- Mobile. Everything in the 3.0 ecosystem is enhanced with mobile technology.
- Direct. The broker concept is to enable the beneficiaries and serving organizations to post needs immediately and have those needs seen by Diaspora family & friends, and potential donors.
Problems Sponsorship 3.0 will attempt to solve:
- There is no way for an individual or group to consolidate their giving records or assess their impact. Every charity has their own giving engine. Yet, I can buy anything on iTunes and its all managed for me in the cloud, regardless of the type or author of the content.
- For the most part, I don’t get feedback on the need that I donated to. I get feedback inundated with promotional material about other stuff from the charity.
- I can’t give anonymously. I need a broker who can give me full credit for my donation and get me feedback from the charity about my specific need, but that’s it.
- Charities don’t have a mobile giving platform.
- Charities don’t have a mobile field needs platform–a way to post needs from the field and get them in front of charities.
- I don’t have an easy way to get my friends, family, groups involved with giving.
- Value-added connections. Proving to donors that each part of the giving ecosystem is adding value, not adding overhead, to the donation.
Catalysts to Sponsorship 3.0
- International remittances. Today, a person can top-up another person’s pre-paid phone with minutes anywhere in the world. Those minutes can only be spent on telecom-related purchases such as making phone calls and sending text messages. Why can’t the Diaspora (family & friends living outside their native country) ”top-up” a health account, pay an education bill, send a gift card electronically? They can and will. This means direct donor-to-beneficiary sponsorship that crosses all International boundaries and requires no intervention on the part of the NGO.
- Mobile transactions. Mobile money will become the default mechanism for sending, receiving, and paying for items. Your mobile wallet will organize all of your credit cards, loyalty cards, discounts, etc. into your smart phone.
- Giving networks. Like setting up a FaceBook List or Google+ Circle, you will be able to setup a giving network that can immediately react to your sponsorship opportunities. This could just be family or include friends and colleagues. For example, Apple’s new mobile wallet patent will enable a parent to manage multiple spending wallets for himself and his family members. This could take the form of an electronic gift card that could be limited to iTunes purchases and the redemption of the card could be tracked. This eGift card could be sent directly to his child via his smart phone, or directly to a family member living in a foreign country, or donated to a complete stranger via an NGO.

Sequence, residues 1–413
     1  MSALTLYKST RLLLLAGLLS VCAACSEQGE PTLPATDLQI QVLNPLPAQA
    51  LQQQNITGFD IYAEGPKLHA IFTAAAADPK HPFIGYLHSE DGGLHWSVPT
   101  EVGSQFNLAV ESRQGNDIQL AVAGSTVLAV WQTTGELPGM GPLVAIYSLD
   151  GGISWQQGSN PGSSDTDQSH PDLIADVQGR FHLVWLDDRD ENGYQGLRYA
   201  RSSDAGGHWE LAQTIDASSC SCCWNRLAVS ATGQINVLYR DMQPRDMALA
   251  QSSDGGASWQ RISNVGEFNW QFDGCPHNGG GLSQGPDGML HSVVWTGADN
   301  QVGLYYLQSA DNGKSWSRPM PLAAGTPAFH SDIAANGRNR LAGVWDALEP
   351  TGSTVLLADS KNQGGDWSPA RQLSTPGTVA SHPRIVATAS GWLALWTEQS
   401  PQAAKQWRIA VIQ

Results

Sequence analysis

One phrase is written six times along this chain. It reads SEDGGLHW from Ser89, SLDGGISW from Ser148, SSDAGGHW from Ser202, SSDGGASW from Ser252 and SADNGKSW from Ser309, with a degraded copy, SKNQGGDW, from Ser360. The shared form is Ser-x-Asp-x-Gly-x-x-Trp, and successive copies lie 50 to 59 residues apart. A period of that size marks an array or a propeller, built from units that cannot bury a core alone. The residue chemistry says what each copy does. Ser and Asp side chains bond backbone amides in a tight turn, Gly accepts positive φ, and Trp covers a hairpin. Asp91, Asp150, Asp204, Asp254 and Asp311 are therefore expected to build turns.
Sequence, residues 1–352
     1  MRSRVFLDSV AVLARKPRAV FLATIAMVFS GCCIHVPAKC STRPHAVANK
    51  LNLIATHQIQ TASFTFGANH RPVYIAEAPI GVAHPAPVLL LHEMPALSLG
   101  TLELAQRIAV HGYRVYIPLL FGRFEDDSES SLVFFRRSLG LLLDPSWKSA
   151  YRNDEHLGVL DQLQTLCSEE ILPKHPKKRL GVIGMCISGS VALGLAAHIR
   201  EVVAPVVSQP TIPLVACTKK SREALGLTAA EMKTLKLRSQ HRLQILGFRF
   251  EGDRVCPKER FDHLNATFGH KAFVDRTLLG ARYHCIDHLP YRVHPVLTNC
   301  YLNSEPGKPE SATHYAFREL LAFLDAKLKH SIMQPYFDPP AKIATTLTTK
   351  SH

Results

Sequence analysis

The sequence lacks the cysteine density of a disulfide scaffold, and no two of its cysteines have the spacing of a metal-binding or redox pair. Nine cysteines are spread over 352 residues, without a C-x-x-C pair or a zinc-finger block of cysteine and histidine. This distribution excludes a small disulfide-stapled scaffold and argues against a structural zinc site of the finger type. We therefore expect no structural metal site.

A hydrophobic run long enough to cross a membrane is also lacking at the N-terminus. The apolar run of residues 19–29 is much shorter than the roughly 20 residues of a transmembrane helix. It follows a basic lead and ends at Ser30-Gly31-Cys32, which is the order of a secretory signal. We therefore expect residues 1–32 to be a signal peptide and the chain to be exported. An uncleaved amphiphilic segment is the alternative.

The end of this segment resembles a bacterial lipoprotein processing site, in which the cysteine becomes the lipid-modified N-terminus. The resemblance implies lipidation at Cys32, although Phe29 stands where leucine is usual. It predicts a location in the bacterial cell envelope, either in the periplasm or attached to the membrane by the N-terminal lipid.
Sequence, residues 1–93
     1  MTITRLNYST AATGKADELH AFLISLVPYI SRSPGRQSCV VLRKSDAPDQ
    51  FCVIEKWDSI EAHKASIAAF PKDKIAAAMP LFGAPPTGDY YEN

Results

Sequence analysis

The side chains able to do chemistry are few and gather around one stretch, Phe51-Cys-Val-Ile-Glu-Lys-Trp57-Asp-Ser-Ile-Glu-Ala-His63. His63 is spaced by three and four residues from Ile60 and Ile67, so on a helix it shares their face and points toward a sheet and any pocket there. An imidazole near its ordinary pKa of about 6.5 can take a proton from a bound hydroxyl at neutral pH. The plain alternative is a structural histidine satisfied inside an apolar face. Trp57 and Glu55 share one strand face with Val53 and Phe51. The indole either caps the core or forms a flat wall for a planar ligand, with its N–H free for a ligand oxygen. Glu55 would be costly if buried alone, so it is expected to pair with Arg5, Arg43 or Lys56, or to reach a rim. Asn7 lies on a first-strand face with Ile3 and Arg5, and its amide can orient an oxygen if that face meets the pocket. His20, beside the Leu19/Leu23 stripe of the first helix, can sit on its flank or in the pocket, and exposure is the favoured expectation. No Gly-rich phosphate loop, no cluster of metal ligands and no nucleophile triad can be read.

- Mobile marketing. You see a need, you scan the QR code, you watch a video to explain the need further, you click one-button and its introduced to your giving network and neatly categorized in your giving portfolio for further follow-up.
Challenges to Sponsorship 3.0
- Regulatory. More specifically, International Remittance, Anti-Money-Laundering and Terrorist Funding regulations. Right now, NGO programs that are closed-loop (not available to the public) are excluded from these regulations. Also, gift cards that cannot be redeemed for cash are also excluded. Over time, the Central Bankers from each country will publish clear guidelines that will add free up international resources across, eliminating borders, decreasing the friction of cash transfers, and getting money efficiently to where it needs to be. Mobile money can be made extremely transparent and fast, which will dramatically impact the visibility of of the gift and giver. NGO’s will continue to play a broker role, ensuring that the donor and beneficiary remain as connected or anonymous as they desire, and providing oversight to make sure that the donor promise is fulfilled. However, Sponsorship 3.0 eliminates the need